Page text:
Times Music Writer

The voice--civilized, well-modulated, reassuring and still tinged with an accent revealing its Boston origins--is familiar, very familiar. But the face is not.

Edward Downes, after 27 seasons still quizmaster of the Saturday morning Texaco/Metropolitan Opera radio intermissions, says his enthusiasm for the quiz, as for the opera itself, is undiminished. The spring in his step, as well as the brightness in his voice, attest his sincerity.

At 74, the genial radio personality, an author, musicologist and professor of music, stays busy, he said Thursday.


A longtime New Yorker, Downes is in Los Angeles this weekend, for instance, to speak to the Opera Guild of Southern California at the UCLA Faculty Center, this afternoon at two o’clock (information: (213) 471-7597).

And, though he retired four years ago from a long-term post at Queens College in Flushing, N.Y., Downes still teaches one course at New York University.

“It’s a two-year program for composers, stage directors and authors--people who want to write a Broadway musical,” Downes describes the course.

“You know, the people whose role model is Stephen Sondheim. It’s great fun for me, and allows me to keep an irregular schedule. My function is to guide the students, each of whom is working on an individual project.”

“I help them steal from Mozart or Puccini--not tunes, of course, but procedures, ways of solving problems.”

Himself the son of a musical journalist--the late Olin Downes, chief music critic of the New York Times from 1924 to his death in 1955--Edward Downes has been a critic, program annotator and lecturer on musical subjects for more than 50 years. Yet no sign of burnout furrows his brow.


“Oh, no, I’m very optimistic about the future of opera in this country, and not at all disenchanted with the present situation,” he says in response to a direct question about American operatic life.

“While it is true that, at the moment, we may lack the thrilling individual voices of former times, we still have going a very high standard of operatic production and vocalism.”

Downes remembers “much lower” standards of scenic production, and of operatic choral singing and orchestral playing, “when I started going to the opera, in the 1920s.”

In those days, Downes says, “Though we had some great singers in leading roles, the orchestras in the pit were awful. “ Nor were choral or scenic values on a higher level, he recalls.

“In the Wagner operas given at the Met (in the first half of this century), the choruses were quite terrible. And the principal singers, for the most part, were nothing special, either. In the days before (Lauritz) Melchior (who made his Met debut in 1926), there was only one male singer who could actually get through those tenor roles. But the sound he made was horrendous.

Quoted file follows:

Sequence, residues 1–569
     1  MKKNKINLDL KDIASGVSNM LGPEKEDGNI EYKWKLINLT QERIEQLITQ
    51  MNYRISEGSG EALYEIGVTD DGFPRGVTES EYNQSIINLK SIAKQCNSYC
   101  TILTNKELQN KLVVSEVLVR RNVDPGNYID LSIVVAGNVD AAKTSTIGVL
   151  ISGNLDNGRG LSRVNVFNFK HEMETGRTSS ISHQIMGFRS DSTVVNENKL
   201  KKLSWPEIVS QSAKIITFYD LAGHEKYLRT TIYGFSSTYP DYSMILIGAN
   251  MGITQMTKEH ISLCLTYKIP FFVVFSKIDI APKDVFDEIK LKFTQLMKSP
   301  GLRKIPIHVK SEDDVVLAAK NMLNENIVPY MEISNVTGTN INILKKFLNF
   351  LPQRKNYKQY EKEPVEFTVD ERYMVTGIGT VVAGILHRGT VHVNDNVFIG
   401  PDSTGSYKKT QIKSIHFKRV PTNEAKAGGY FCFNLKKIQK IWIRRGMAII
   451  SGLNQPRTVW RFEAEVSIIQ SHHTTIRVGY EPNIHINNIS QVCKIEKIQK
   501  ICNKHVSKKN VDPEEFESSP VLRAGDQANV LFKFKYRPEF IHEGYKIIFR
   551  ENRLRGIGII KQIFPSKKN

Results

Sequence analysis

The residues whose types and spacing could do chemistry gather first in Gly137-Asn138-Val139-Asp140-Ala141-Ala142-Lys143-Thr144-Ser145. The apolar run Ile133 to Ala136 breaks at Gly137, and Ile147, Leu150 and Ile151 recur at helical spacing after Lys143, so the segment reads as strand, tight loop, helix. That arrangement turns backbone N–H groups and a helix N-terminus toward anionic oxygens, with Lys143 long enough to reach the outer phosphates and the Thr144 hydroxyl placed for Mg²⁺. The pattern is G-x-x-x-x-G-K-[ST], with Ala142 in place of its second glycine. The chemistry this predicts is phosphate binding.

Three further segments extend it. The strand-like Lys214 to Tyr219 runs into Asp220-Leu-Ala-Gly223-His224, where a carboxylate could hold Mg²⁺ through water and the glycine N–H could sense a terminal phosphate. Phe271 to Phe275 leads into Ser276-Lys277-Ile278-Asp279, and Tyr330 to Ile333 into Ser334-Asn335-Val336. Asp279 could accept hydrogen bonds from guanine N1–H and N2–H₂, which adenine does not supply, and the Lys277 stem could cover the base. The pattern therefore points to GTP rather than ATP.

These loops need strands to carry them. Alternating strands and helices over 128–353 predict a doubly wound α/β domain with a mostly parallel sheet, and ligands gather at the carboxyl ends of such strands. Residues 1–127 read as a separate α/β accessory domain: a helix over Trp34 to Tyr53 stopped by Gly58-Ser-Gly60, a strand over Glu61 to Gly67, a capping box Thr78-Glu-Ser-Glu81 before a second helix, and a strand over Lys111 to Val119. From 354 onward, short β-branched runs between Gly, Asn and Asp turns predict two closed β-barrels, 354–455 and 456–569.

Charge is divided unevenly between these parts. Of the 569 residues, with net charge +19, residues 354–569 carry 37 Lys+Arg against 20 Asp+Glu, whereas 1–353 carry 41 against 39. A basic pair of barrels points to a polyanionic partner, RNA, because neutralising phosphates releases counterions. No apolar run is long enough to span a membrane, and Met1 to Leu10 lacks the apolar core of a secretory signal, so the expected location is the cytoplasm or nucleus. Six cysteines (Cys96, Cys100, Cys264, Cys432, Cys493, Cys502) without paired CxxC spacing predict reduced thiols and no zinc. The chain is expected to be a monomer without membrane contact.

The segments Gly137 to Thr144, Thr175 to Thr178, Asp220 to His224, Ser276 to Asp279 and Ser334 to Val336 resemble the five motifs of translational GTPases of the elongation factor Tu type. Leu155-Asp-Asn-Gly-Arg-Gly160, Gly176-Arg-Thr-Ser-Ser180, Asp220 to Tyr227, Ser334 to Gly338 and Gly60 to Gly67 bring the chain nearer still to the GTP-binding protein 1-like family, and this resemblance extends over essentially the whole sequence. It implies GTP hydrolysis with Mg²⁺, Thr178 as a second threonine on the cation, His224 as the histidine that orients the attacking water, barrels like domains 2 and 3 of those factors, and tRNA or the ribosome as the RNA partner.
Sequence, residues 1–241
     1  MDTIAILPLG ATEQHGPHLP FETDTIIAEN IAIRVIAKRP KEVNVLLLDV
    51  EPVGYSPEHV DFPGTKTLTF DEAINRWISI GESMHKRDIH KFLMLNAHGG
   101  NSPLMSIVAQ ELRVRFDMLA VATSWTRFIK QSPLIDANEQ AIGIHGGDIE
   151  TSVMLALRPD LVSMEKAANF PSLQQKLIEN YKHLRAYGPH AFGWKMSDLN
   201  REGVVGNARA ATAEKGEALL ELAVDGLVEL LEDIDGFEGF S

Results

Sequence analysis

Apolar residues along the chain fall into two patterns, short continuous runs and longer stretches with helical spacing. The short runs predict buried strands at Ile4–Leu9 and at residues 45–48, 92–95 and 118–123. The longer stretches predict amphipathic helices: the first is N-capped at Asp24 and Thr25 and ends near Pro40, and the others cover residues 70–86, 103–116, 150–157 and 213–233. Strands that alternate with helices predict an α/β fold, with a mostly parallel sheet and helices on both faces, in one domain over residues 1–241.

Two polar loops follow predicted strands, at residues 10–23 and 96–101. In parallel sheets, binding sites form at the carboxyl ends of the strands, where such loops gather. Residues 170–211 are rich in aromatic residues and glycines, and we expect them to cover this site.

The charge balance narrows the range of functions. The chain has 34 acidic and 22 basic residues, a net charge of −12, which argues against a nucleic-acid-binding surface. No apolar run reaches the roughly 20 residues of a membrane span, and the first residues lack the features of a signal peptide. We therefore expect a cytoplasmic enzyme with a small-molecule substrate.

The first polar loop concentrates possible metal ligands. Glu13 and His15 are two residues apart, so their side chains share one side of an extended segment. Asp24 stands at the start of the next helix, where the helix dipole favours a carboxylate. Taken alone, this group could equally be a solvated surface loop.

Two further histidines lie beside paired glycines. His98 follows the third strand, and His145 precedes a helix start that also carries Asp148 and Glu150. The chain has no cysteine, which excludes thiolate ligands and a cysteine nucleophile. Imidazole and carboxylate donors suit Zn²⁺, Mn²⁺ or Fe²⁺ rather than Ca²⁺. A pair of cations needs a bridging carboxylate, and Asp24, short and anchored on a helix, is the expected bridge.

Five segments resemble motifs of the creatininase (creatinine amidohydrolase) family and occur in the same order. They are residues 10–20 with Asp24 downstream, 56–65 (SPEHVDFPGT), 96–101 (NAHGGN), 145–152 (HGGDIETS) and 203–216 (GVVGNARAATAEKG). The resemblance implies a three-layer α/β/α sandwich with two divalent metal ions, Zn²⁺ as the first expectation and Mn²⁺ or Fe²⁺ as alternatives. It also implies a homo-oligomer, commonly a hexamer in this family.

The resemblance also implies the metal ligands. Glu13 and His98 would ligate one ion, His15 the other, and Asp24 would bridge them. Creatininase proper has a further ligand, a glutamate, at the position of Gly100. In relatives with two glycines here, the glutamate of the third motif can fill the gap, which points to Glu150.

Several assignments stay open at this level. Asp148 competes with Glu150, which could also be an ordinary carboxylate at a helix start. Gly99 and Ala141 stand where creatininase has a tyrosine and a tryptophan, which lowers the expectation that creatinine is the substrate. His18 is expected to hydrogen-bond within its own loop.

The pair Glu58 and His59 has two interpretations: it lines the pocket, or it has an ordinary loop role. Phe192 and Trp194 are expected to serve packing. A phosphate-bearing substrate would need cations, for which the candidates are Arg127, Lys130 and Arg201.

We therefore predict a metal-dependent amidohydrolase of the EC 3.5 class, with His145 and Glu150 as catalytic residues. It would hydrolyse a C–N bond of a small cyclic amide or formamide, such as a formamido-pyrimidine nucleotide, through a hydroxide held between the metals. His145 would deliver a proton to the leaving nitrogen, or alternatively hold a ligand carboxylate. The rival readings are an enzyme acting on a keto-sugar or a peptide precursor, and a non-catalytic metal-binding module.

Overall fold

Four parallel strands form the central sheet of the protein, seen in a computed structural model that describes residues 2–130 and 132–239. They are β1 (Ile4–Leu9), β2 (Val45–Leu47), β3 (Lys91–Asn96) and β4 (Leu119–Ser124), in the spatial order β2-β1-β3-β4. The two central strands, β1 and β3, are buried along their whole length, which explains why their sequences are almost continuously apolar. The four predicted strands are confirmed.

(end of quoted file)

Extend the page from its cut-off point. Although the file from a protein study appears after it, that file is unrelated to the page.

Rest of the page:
Downes admits, “We have today a shortage of Aidas, certainly no one who can be compared to (Rosa) Ponselle. But that can change at any time.

“The problem is not a lack of good teachers in this country. If anyone, it is the Italians who have been dropping off in the area of teaching. They are not producing the voices we have always expected, even taken for granted, from their country.”

One Italian impresario, Downes relates, by way of example, “Called me to tell me about two young tenors he had found. But, he said, he could not think of any studio or school in all of Italy where he could take them for training. He ended up calling me and asking how to get them into Juilliard!”


The operatic life, even for one in his eighth decade, Downes says, is “exhilarating.” The talk he is scheduled to give this afternoon indicates only a part of the range of his interests. Titled “Behind the Air Waves at the Met Intermission,” it will also include taped excerpts from the “more than one hour” tape Downes made with the late Maria Callas, in the early 1960s.

The white-haired operatic broadcaster recalls, “I had lunch with her, the day before the tapes were made, and, I must say, that conversation was almost more interesting--for its content. For the tape, Madame Callas was, really, well, performing. . . . “